These statements are properly part of the summary judgment evidence because they were proffered by the trustee as affidavit exhibits and, in the words of Rule 56(e), "would be admissible in evidence." Fed.R.Civ.P. 56(e), incorporated by Fed.R.Bankr.P. 7056. Specifically, Beverly's own statements, when offered against him, are admissions that are not hearsay. Fed.R.Evid. 801(d)(2). It was established that during depositions Beverly authenticated the letters containing these statements.
The evidence demonstrates that the Outland litigation was the main reason Beverly structured the MSA so as to transfer his entire interest in the $1 million nonexempt fund. If there had been a simple equal division of community assets (as presumed by California law when a court makes the division), he would have had about $500,000 of nonexempt funds ($50,000 eligible to be rolled over into a new homestead) that he knew would be vulnerable to collection of the $424,000 Outland judgment.
The circumstantial evidence consists of a number of the statutory "badges of fraud."
First, the transfer to Mrs. Beverly was a transfer to an insider. Cal. Civ. Code § 3439.04(b)(1).
Second, the transfer was made after Beverly had been sued in the Outland litigation. Cal. Civ. Code § 3439.04(b)(4).
Third, the transfer was of substantially all of Beverly's assets. Cal. Civ. Code § 3439.04(b)(5). His retention of his interest in the exempt retirement plan does not count because exempt property is not an UFTA "asset."
UFTA's definition of "asset" excludes exempt property. Cal. Civ. Code § 3439.01(a). Thus, although Beverly retained his interest in the exempt retirement plan (and received his spouse's interest), that value counts as zero in calculating whether the transfer was of substantially all of Beverly's assets for purposes of UFTA badge-of-fraud analysis.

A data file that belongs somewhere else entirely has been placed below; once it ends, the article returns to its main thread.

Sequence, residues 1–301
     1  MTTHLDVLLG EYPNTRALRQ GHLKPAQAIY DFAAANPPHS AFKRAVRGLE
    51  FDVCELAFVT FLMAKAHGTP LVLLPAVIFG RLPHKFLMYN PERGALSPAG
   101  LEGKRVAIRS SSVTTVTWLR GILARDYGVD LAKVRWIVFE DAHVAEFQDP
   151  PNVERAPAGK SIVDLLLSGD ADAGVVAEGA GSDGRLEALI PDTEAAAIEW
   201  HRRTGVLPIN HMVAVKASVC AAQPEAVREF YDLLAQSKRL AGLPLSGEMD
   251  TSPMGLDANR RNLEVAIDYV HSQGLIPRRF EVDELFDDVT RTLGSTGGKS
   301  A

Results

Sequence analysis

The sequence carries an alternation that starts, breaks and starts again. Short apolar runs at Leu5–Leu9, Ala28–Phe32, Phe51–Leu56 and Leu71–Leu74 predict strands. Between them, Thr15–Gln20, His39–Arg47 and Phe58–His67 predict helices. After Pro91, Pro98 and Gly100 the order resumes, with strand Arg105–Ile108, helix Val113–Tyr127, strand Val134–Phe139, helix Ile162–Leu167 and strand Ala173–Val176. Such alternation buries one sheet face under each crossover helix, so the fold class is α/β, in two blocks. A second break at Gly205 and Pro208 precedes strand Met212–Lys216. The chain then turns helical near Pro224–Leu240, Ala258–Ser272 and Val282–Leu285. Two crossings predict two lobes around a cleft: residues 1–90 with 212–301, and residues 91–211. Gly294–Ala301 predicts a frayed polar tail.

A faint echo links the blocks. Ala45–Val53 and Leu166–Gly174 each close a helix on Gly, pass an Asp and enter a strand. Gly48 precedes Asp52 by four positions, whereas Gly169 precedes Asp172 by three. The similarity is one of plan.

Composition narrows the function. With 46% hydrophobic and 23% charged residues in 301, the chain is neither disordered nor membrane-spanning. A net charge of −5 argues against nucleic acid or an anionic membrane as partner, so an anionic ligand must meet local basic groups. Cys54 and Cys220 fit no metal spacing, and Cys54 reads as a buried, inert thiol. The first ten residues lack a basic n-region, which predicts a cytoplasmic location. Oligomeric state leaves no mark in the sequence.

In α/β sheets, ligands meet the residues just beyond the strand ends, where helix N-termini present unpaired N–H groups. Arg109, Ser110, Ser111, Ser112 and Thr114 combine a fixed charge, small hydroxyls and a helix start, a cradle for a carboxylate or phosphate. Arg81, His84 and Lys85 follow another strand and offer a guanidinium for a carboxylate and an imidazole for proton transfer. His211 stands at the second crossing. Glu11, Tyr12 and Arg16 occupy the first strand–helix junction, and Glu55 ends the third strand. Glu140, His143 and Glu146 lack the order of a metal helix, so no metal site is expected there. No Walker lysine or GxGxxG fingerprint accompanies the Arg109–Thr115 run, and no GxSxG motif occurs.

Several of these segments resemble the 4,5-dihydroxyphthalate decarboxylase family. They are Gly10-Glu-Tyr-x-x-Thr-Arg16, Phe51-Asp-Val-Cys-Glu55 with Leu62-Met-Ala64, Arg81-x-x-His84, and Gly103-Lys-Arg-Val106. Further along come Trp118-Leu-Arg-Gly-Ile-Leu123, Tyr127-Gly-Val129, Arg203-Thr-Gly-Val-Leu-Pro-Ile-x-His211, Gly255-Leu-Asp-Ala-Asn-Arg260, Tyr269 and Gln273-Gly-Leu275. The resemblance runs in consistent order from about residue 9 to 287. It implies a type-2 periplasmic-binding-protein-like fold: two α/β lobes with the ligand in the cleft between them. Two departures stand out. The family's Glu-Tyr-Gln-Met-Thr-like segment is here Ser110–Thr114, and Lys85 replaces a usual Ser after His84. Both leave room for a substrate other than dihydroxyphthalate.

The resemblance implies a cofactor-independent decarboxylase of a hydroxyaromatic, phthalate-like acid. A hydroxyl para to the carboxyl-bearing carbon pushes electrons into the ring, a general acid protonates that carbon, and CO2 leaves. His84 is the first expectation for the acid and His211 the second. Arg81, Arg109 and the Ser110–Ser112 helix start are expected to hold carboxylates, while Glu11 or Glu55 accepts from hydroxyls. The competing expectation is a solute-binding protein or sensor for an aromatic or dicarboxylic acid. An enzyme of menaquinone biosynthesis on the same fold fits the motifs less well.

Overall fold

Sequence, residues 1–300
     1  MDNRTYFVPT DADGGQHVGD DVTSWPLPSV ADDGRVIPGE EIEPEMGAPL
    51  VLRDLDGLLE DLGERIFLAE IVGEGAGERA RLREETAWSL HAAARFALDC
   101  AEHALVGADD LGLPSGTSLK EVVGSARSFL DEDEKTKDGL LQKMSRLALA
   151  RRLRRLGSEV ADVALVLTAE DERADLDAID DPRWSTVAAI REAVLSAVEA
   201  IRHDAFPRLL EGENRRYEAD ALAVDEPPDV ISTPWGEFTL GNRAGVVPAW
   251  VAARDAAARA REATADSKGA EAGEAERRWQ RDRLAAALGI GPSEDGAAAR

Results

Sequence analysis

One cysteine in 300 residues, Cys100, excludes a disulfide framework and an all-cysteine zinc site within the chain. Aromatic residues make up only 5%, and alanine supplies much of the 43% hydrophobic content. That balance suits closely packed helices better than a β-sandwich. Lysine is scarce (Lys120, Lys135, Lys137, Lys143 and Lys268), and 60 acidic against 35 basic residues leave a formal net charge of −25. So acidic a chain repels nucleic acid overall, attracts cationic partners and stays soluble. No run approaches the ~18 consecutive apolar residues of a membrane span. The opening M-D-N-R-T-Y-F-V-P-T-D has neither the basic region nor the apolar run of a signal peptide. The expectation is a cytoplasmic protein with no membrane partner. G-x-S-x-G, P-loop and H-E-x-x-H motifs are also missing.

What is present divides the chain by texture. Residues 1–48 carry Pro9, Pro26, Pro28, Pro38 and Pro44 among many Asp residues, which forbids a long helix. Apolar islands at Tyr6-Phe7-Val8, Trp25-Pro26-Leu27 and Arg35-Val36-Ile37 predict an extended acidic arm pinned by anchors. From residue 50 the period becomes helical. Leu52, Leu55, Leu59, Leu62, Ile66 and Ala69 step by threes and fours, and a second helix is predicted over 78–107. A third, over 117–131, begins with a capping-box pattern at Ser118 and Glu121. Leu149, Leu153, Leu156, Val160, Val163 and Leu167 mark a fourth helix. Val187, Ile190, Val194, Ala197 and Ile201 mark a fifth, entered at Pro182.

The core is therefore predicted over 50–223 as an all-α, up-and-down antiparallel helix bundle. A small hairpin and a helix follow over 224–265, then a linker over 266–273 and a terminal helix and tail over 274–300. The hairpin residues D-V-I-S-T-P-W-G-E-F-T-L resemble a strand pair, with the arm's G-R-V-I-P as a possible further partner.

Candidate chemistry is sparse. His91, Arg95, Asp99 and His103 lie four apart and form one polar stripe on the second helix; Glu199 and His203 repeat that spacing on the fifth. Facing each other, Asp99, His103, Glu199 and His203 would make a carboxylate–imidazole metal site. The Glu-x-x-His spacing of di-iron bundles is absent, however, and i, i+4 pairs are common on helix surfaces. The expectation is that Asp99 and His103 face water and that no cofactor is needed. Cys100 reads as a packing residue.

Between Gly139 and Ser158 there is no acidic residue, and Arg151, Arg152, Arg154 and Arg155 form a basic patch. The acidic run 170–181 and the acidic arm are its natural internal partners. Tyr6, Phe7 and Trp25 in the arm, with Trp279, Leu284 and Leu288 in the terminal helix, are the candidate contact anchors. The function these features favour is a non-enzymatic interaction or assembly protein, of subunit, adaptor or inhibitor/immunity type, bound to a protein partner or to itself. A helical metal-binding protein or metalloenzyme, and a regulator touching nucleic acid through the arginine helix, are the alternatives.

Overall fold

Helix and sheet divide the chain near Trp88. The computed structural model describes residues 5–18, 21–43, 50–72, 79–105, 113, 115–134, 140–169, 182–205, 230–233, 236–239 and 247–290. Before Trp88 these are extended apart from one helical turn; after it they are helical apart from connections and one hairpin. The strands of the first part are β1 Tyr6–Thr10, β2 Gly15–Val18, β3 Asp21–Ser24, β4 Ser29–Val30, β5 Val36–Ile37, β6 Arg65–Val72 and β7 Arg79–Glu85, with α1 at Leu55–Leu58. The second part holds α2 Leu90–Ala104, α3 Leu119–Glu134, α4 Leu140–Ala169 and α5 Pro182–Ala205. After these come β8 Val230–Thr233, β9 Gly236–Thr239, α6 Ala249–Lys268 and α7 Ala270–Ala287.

"Asset" is defined in UFTA as:
(a) "Asset" means property of a debtor, but the term does not include, the following:
(1) Property to the extent it is encumbered by a valid lien.
(2) Property to the extent it is generally exempt under nonbankruptcy law.
Cal. Civ. Code § 3439.01(a).
Fourth, the MSA transfer rendered Beverly insolvent. Cal. Civ. Code § 3439.04(b)(9).
As to insolvency, the exclusion of exempt property from UFTA's definition of "asset" is crucial. UFTA defines insolvency as the sum of debts being greater than all the assets. Cal. Civ. Code § 3439.02(a). Before the MSA transfer, Beverly's UFTA assets included $500,000 in nonexempt bank deposits, and his debts included the $424,450 judgment. After the MSA transfer, his only UFTA assets were of nominal value, but his debts remained the same. Thus, if Beverly was not already insolvent, the MSA transfer made him insolvent for UFTA purposes.
Insolvency is defined in UFTA as:
(a) A debtor is insolvent if, at fair valuations, the sum of the debtor's debts is greater than all of the debtor's assets.
. . .
(d) Assets under this section do not include property that has been transferred, concealed, or removed with intent to hinder, delay, or defraud creditors or that has been transferred in a manner making the transfer voidable under this chapter.